Across sectors like metals, power and cement, capacity addition plans chalked out by public and private sector firms are contingent on availability of natural resources like iron ore, coal, bauxite, manganese and others.
The direction given to Indias mining sector in the next few days by lawmakers and the judiciary will decide the fate of projects entailing an aggregate investment of R80,000 crore to R1 lakh crore, under various stages of development.
According to an August 26 research note by JP Morgan, around 13,000 MW of capacity partially or wholly-dependent on captive coal blocks, which are under construction or partially operational will be affected by the Supreme Courts order. The apex court is to decide on September 1 if coal blocks allocated under a process that it found illegal should be taken back or not.
If the coal blocks are indeed de-allocated, it will lead to further dependence on imports and outgo of foreign exchange from the country.
We are expecting captive coal blocks supply to increase from 53 million tonnes per annum (mtpa) to 61 mtpa over FY14-16, says an August 25 report by UBS Securities. However, if SC (Supreme Court) goes for a blanket ban on production from these blocks, our coal imports estimates could be revised upwards by around 50 mtpa to 300 mtpa in FY16.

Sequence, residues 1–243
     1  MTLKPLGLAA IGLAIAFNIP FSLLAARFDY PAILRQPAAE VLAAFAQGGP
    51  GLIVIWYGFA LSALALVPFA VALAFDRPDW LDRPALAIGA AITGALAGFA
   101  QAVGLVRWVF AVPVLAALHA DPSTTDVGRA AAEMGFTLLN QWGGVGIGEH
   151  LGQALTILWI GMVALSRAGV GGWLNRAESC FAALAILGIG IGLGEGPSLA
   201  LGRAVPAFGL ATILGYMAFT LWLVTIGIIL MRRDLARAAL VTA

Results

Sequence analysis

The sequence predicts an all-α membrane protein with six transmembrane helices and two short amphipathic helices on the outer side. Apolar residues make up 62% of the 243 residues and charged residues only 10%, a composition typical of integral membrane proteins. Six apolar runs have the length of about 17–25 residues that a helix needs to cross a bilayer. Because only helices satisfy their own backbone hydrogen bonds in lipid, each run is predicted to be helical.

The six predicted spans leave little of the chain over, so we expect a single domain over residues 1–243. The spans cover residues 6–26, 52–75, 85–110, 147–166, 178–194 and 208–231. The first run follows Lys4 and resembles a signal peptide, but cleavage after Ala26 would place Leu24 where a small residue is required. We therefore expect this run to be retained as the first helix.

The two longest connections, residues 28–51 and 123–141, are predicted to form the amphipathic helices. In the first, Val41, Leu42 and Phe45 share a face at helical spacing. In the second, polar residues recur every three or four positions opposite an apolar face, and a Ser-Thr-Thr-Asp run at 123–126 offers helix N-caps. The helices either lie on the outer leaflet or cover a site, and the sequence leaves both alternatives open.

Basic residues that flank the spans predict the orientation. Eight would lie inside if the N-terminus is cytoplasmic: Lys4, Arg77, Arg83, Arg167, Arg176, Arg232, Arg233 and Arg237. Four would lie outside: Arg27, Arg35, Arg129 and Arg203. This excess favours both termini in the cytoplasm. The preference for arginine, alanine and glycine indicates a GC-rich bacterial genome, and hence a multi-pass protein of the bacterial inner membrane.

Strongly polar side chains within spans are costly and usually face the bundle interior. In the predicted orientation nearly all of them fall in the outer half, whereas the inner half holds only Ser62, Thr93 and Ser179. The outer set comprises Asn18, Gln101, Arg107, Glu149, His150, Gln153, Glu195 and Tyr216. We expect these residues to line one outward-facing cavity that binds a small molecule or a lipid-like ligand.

A Barclays report issued in May stated that the mining sectors contribution to Indias current account deficit stood at an all-time high of around 30% or $26 billion, even as its contribution to Indias gross domestic product is expected to have halved since 1994, to 2% in FY14.
Even if the court decides to levy a penalty and not withdraw captive mine linkages, it would be a massive burden on companies that have been fighting tooth-and-nail to deleverage their books by monetising assets and raising equity. For instance, in Odisha alone, the state government intends to levy an aggregate penalty of around R68,000 crore on a clutch of iron ore miners including Tata Steel and the Aditya Birla Groups Essel Mining.
Industry experts forecast that if captive mine linkages were withdrawn then the production costs of metals firms will significantly rise.
A BNP Paribas note states that for a company like Hindalco, significant long-term cost improvement potential to the tune of $300-400 per tonne of aluminium price at the Mahan and Aditya smelters from FY18 onwards would be undermined.